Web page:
Question: Is it true that the longer you stay away from a food that you know you react to (with food intolerance, not allergy), the worse the reactions when you have it accidentally?

I have seen no scientific evidence that if you avoid foods you become more sensitive over time. People who report this are usually seeing reactions more clearly because the baseline behaviour is more settled. When there is an infraction, it is easier to see - Howard

I found this was true when I was diagnosed coeliac. I remember telling the doctor my reactions were worse when I accidentally ate gluten now I was on a gluten free diet. His answer was I just hadn't realised how bad I felt before the diet - Anne

Yes it feels like the reactions are more severe but as you say my perception is now heightened due to knowing what it is like to be "normal"-  Michelle

Not in my case! In fact, after a few months' break, I could tolerate the same (and/or related) 'adverse' foods in small amounts, but as soon as I 'binge' eat again, the battle is on! - Ray

I have been failsafe for about 5 months. My symptoms cleared up pretty well when I was following it strictly but lately I have been experimenting with a little bit of forbidden food and my symptoms seem to flare up almost as badly as when I was eating a completely non-failsafe diet. It does make me wonder if I have become more sensitive to those foods, and whether it's worth it - Bianca

I agree with Wendy. My gut seems to have healed somewhat. Yaaay - Nicola

It seems quite the opposite, the longer we are away from a food, the better small amounts go when we start back up, and as long as we are patient she can steadily increase that food but very slooow steady to avoid overload. That said I have noticed that if we push a food till we get a strong reaction, we have to fully remove even small amounts of that food for months before she can tolerate half the amount she was tolerating before - Adreanne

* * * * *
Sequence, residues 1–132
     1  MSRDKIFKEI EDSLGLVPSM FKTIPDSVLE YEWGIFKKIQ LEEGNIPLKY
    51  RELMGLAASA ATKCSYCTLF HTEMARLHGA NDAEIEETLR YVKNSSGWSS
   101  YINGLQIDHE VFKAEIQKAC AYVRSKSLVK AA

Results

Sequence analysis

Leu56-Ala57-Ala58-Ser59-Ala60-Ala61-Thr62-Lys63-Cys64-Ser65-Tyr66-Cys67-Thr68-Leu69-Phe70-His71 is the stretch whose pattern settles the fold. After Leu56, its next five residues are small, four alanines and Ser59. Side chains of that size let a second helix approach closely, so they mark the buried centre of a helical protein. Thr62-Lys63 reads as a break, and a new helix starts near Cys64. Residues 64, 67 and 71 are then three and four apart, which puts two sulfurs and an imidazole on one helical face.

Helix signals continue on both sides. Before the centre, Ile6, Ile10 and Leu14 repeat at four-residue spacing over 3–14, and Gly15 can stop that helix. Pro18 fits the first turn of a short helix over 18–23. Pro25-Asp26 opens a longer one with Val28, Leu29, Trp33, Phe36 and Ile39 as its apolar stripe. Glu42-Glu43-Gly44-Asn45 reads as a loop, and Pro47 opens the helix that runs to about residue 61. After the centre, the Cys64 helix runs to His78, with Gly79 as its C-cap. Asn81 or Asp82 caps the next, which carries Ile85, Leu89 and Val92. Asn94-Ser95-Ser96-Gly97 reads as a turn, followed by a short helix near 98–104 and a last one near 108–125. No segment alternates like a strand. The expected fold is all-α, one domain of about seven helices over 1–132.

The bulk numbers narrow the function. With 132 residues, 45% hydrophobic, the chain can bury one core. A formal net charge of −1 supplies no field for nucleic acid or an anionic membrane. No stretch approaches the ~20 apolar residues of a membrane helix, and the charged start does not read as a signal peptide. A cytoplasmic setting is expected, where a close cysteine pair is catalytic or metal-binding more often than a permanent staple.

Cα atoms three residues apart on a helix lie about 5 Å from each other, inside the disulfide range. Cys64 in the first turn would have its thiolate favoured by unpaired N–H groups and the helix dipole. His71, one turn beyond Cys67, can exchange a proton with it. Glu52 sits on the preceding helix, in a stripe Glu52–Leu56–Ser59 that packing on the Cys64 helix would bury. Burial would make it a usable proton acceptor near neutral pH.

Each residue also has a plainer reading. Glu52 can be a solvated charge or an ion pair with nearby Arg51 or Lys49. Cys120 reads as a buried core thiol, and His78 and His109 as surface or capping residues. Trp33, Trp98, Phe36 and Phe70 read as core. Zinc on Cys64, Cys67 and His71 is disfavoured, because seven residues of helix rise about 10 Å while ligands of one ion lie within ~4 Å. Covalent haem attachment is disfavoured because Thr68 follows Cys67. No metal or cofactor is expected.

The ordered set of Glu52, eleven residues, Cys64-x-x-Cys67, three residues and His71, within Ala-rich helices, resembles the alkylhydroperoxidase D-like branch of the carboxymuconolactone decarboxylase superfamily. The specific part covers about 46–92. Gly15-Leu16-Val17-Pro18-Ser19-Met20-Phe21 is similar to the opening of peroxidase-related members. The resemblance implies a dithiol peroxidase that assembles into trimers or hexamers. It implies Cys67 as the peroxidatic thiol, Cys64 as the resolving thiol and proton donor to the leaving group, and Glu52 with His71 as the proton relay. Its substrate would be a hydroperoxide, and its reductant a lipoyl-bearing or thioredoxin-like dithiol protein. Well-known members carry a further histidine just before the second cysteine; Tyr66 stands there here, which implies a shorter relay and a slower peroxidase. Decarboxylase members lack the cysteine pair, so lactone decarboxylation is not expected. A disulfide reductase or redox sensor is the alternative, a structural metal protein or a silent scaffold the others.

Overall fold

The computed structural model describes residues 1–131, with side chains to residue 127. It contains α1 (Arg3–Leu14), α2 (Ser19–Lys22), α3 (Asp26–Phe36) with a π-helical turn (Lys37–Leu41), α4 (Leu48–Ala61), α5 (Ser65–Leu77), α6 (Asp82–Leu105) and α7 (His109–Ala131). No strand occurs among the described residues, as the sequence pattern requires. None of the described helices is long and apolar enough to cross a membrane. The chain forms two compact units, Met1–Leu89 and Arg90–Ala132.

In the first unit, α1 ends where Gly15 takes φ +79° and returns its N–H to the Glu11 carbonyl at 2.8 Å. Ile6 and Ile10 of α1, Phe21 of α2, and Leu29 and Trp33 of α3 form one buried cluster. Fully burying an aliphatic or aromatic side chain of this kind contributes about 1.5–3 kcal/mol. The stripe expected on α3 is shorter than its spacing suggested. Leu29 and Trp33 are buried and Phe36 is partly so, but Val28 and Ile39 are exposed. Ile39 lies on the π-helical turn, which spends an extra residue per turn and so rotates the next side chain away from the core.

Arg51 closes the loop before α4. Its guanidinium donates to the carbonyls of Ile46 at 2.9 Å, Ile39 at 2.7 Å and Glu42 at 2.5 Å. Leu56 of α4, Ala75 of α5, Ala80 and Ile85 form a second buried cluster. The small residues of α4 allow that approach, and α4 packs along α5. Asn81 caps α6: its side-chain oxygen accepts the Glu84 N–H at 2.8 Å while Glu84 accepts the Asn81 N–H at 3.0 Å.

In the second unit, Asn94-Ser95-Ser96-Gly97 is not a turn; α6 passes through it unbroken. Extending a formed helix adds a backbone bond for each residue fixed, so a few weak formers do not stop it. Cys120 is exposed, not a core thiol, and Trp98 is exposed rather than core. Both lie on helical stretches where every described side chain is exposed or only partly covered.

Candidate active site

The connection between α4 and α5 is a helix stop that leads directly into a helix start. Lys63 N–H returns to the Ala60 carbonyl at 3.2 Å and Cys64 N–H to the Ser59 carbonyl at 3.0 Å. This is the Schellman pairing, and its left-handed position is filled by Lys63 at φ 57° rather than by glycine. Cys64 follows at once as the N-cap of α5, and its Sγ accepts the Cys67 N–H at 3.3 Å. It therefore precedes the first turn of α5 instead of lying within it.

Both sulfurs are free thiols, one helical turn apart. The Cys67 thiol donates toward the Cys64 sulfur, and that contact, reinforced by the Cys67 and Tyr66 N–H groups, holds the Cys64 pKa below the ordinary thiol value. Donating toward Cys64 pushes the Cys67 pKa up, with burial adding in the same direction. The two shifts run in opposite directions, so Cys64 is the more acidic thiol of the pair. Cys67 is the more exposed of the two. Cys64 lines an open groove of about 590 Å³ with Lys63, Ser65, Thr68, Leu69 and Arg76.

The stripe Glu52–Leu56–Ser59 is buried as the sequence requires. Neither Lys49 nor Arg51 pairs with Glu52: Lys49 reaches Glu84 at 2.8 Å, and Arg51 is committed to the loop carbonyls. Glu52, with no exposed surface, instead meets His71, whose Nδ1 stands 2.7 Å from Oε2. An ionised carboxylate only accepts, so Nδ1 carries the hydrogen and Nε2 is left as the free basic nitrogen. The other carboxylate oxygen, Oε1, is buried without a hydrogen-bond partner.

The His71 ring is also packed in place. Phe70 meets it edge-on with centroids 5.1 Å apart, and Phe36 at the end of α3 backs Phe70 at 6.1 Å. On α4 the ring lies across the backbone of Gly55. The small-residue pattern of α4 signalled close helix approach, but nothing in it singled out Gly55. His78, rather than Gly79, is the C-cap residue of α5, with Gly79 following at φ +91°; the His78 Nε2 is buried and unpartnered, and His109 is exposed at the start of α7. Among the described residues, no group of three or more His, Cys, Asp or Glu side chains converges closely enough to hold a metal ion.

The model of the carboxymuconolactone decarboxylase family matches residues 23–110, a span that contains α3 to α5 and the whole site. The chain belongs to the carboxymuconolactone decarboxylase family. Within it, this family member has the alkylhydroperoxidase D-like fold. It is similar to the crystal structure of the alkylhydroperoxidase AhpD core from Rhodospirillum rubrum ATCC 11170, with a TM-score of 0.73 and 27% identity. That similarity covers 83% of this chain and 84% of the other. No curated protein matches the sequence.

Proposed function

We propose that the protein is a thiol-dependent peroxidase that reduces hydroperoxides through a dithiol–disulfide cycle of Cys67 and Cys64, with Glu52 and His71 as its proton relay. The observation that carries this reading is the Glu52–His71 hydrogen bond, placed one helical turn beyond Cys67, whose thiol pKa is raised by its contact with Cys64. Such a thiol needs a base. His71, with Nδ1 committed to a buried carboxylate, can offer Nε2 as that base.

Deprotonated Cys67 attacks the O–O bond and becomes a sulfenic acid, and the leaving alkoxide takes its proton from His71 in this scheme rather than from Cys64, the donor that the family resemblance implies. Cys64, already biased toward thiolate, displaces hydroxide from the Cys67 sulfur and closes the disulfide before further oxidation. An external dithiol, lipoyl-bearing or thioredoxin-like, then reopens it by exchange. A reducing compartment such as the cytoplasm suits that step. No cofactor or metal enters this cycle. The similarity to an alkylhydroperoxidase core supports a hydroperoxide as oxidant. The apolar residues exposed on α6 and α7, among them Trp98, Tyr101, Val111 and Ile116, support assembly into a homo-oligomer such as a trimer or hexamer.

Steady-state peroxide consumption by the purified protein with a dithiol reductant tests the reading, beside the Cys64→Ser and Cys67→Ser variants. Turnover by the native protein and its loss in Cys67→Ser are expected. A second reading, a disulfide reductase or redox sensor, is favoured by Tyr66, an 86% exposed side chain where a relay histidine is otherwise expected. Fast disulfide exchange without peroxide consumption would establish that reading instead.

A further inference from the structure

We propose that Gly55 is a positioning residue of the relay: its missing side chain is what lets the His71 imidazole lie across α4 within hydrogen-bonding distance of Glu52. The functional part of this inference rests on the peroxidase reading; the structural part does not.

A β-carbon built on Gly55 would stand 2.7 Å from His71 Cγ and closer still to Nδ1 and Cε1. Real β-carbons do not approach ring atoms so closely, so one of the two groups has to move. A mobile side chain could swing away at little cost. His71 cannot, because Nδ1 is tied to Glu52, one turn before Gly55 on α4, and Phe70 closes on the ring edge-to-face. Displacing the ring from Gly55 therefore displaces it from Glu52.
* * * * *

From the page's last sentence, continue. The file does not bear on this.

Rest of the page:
I completely agree that reactions may seem worse when reintroducing some eliminated foods, but that is a warning that your body does not tolerate them well. I eliminated gluten with my son (to be fair), only to discover that it gave me terrible headaches. I had suffered with headaches for years, but put it down to genes. Now, after a couple of years on a gluten free diet, I can have some gluten containing foods without much fallout. I believe healing has taken place as a result of removing the offender - Shakti

One thing often described is an initial increase in sensitivity, which settles. That's what we saw. To me, that is kind of like the pain of taking off the scab before the recovery is complete, while leaving it be allows for recovery - Tracy

I agree that it's true that when you remove certain foods you can see the reaction more clearly, however I also think it's possible that your body develops mechanisms of dealing with certain foods that it's familiar with - Salome

My son’s been fairly strictly failsafe for nearly 9 years. We are going to do challenges again after Xmas but I'm pretty sure (from when we've allowed non failsafe days) that his tolerance of previous foods has improved heaps. He initially vomited and had extreme diarrhoea for cows’ milk and Sals. No longer - Amanda

Yes a small infringement was very obvious but as we stuck to FAILSAFE for many years, we began to add small tolerable amounts to my sons diet until he had increased his tolerance threshold (for ADHD and OD behaviours). He seemed to be able to tolerate larger amounts of his trigger foods (sals) after a while - Rochelle